Plans to shut down shipbuilding at England's historic Portsmouth yard, with the loss of up to 1,000 jobs, have sparked a major political row amid claims the city has been sacrificed in the campaign to stop Scottish independence.

The Govan yard on the Clyde has been spared in the long-expected defence cuts, although Glasgow will lose up to 800 jobs, but with an implied threat that if independence goes ahead, the decision could be reversed because the government would not want to place warship orders "outside the UK".

But that means a savage blow to Portsmouth which local Liberal Democrat MP Mike Hancock branded a "national disgrace", claiming the city was paying a heavy price for a piece of cynical political manoeuvring.

"Obviously there was a commercial side to the decision. But the political side of it was that it had to play into the Scottish referendum and Alex Salmond (SNP Leader and Scottish First Minister) was in a no lose situation.

"If they had closed the yard he would be saying Scotland was being punished, if they kept it open he would say they were being bribed," he said.

And Portsmouth council leader, Gerald Vernon-Jackson, said it was clearly a political decision because, "the government makes the orders and they have the money".

The prime minister, however, has insisted the decision was in "the national interest" because of the need for cuts.

BAE systems announced a review of its future 18 months ago to take into account the completion of two aircraft carriers. But as details of the proposals began to leak out, the decision was rushed forward by 24 hours and it emerged Portsmouth was to bear the brunt with 1,000 job losses and the end of shipbuilding.

Ministers insisted the decision had been a purely commercial one, but the BBC reported that a well placed source had confirmed the government was "acutely conscious of the politics of the Clyde" ahead of next year's referendum on Scottish independence.

And, announcing the decision in the Commons, Defence Secretary Philip Hammond said no order for 13 new frigates would be madde untilthe end of next year, which will be after the referendum vote is known.

But suggestions the decision could be reversed if Scotland votes for independence were dismissed by both MPs and local politicians who said it was hugely difficult to build up a new workforce once so many had been sacked.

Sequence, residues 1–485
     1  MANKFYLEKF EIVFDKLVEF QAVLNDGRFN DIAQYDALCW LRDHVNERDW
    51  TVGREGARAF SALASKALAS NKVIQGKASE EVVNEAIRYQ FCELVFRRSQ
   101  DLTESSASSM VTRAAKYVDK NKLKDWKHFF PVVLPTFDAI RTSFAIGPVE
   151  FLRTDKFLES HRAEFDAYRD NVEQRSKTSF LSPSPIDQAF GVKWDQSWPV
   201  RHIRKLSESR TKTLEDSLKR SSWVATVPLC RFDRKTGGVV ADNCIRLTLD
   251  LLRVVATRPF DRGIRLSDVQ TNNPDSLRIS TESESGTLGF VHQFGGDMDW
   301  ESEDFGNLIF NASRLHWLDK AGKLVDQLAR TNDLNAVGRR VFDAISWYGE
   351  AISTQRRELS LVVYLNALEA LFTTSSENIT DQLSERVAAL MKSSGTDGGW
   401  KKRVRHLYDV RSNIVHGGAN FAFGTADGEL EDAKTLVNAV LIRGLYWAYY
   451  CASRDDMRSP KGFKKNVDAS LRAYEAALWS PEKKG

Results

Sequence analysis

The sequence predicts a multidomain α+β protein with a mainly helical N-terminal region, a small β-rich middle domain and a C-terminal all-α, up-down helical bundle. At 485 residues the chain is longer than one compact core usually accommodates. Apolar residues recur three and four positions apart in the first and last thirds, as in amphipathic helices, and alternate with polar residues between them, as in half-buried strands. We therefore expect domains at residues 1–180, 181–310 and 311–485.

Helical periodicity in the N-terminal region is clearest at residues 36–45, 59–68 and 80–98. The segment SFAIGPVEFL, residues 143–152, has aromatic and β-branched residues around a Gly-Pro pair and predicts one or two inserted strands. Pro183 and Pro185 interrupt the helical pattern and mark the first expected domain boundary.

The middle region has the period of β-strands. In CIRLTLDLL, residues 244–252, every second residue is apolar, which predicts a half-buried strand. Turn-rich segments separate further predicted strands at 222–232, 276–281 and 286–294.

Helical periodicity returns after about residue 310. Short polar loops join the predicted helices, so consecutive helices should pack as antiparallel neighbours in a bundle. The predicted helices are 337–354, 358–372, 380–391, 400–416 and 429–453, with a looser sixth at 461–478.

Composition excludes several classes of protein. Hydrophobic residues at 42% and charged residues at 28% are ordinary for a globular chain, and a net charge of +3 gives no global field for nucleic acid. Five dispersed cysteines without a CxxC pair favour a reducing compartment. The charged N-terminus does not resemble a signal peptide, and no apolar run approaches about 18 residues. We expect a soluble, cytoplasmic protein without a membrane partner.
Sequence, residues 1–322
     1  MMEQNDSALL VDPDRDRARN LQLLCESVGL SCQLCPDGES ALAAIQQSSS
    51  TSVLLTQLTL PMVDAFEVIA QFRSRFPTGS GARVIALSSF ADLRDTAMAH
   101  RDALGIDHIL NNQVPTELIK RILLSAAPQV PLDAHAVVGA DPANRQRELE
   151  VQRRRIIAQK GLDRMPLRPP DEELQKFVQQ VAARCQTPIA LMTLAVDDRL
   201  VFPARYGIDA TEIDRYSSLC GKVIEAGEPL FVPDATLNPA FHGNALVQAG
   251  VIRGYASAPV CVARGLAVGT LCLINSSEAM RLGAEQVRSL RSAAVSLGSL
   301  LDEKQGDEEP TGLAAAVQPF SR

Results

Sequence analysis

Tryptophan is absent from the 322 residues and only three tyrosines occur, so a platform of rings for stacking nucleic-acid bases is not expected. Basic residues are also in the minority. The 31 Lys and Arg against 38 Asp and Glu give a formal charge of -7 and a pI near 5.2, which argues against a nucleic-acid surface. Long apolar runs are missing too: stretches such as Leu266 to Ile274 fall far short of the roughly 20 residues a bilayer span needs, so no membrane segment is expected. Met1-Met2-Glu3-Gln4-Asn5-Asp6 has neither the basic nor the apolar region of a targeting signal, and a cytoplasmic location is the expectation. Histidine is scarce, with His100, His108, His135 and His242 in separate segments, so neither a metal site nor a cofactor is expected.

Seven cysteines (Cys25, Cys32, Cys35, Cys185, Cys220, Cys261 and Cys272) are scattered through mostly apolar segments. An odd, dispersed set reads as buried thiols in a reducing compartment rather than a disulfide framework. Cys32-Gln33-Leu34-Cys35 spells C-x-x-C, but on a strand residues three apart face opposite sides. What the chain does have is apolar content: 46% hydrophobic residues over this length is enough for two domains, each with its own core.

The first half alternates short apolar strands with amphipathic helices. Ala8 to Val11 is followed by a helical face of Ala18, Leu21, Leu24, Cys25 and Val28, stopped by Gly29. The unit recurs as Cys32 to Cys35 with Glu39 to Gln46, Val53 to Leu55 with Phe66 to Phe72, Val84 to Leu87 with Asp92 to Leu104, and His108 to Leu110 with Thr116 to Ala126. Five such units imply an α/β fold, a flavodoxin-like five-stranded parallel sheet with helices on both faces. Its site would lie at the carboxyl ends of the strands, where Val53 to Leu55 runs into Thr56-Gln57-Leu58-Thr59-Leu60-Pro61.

And whatever minister say about the decision being a purely commercial one - and it is likely a Labour government could have made the same decision - claims that there was no political element to it will simply not be accepted.

All parties have a great deal of personal and political capital riding on the independence referendum with both Labour and the Tories leading the "no" campaign.

At the moment, polling suggests the vote will go their way, but it is far from a done deal and events such as this could play a pivotal role in influencing voters.

A decision to shut Govan would have handed a major coup to the pro-independence campaign led by Salmond, a highly-skilled politician who would have made the greatest possible capital out of the decision with claims Westminster had abandoned Scotland and could not be trusted to look after its best interests.

Even now, he will be able to take political advantage from the implied threat that the decision to spare Govan could be reversed if Scotland votes yes to independence.

The decision is also extremely damaging, if not unexpected, for the government which is attempting to make the most out of a string of recent good economic statistics.

This announcement has cast a dark cloud over that and will dog ministers right through to the independence referendum and even the general election in 2015.